New York is many things—bright, loud, busy. As some visitors have noticed, it may not be the cleanest metropolis America has to offer. But it’s alive and exciting and for all its flaws, the city gives back in so many ways. One of those ways is when the snow starts to fall, dusting the city’s concrete in a clean, new layer of fresh snow, a layer that seems to mute the honking horns and draw at least a little bit of joy out of everyone, even frenetic New Yorkers. So if you’re lucky enough to be in New York on a snowy day, think about heading outside, where you’ll find plenty of others doing the same. Here are a few ways to spend the day.
Practice Your Ice Dancing Moves
Throw on your skates (or rent a pair) and take a spin on one of the city’s most iconic ice rinks. Wollman Rink in Central Park is located near Fifth Avenue, so skaters are treated to city skyline views while gliding around. Skating under the gaze of the famous Prometheus sculpture at The Rink at Rockefeller Center is also a popular choice, though the line can become long during peak seasons. Another good option is Winter Village at Bryant Park, where admission is free, though skates are available to rent. For a small city park, the rink is a good size, and skaters from beginners to pros seem to enjoy themselves. And if it’s really just too cold to lace up your skates outdoors, there’s always Sky Rink, the year-round indoor facility at Chelsea Piers.
Embrace Your Inner Child and Go Sledding
In Manhattan, as you travel further north, the terrain becomes hillier, so it makes sense that many of the best sledding hills are uptown. The most obvious place to play in the snow in such a densely packed city as New York is, of course, Central Park. For Pilgrim Hill, enter from the east side at 72nd Street. The hill is identifiable by the bronze statue of a Pilgrim perched at the top. A little further north, at 76th Street, is the wide, gentle slope named Cedar Hill. Another popular spot is inside Riverside Park. Enter at 91st Street and look for Hippo Playground. The hill is just to the playground’s east. And if you find yourself at the very northern tip of Manhattan on a snowy day, you’ll find plenty of kids and grown-ups flying down the hills of Inwood Hill Park. See here for an extensive list of sledding locations in all five boroughs.
Go on a Gallery Crawl in Chelsea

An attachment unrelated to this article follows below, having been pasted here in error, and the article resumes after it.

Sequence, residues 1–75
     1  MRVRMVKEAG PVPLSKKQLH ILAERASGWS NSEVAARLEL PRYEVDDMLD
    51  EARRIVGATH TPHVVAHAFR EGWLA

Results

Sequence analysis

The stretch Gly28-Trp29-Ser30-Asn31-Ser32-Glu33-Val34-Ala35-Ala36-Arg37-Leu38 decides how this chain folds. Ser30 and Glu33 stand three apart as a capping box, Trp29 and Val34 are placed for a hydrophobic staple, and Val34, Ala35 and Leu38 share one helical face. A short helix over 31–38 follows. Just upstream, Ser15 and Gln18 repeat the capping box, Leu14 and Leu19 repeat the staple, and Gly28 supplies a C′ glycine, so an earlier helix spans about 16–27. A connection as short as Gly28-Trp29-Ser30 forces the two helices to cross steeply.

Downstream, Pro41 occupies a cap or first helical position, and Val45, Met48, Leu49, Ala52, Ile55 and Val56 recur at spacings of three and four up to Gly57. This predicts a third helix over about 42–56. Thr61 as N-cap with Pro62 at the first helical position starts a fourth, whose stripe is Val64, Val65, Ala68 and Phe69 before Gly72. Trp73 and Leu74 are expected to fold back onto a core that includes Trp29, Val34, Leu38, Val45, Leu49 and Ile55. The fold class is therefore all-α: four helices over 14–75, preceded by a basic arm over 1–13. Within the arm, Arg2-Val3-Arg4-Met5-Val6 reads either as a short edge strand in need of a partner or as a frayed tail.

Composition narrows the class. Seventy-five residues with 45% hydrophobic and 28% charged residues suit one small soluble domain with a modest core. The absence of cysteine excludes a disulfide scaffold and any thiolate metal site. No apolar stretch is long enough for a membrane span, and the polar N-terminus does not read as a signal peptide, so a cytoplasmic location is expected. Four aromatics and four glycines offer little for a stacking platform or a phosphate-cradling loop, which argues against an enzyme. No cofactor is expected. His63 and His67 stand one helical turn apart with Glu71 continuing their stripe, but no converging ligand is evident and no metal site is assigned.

West Chelsea is loaded with art galleries, which means on a cold day, you need not walk for long stretches from place to place. Warmth (and chic art) is always only steps away. 303 Gallery was one of the first to move to the area and has been there since 1984, but it wasn’t until the early 2000s that the gallery scene in Chelsea boomed. Prior to that, SoHo had been the center of New York’s art world, but predictably, artists eventually got priced out of the neighborhood. Because many warehouses in the Meatpacking District were no longer in use, West Chelsea, especially between Tenth and Eleventh Avenues, had a lot of empty space. SoHo gallery owners gradually began migrating here and it soon became one of the most important art districts in the city. Unfortunately, the same rent spike has begun to happen here, and artists are once again escaping to lower-cost neighborhoods, but for the time being, there are still plenty of galleries. See here for a map.
See an Art House Movie
A snow day is a movie day, always. In New York, why not take advantage of the many movie houses that offer experimental, independent films. Film Forum, one of the early art house cinemas, opened in 1970 with one projector and 50 folding chairs. It has evolved into a three-screen theater, showing political, cultural, and historical films that are part of today’s most important conversations. In SoHo, Angelika Film Center specializes in independent and foreign films, and also has a café in the lobby. IFC Center is a Greenwich Village favorite; in addition to their many movie selections, they host the country’s biggest documentary festival each fall. The film series at Museum of Modern Art is worth a look, too—their movies reflect the museum’s goal of promoting experimental art.
Get Toasty in Front of a Fireplace
New York City’s food scene, while world-class, can be overwhelming at times, so on a chilly day, it makes sense to limit your choices to those restaurants that will have a crackling fire ready to warm you up. And don’t worry—you’re not sacrificing quality for ambience. Many restaurants with a fireplace are also top notch eating establishments. Here are some favorites: The Writing Room, whose literary-themed décor only adds to the coziness; The Lamb’s Club, located conveniently in midtown, with a huge 18th century fireplace in its main dining room; Top of the Standard, the glitzy supper lounge in the penthouse of the Standard Hotel; One if by Land, Two if by Sea, recently voted one of the most romantic restaurants in the world; and finally, and the most modestly priced on the list, La Lanterna Caffe, a charming Italian restaurant with a year-round garden.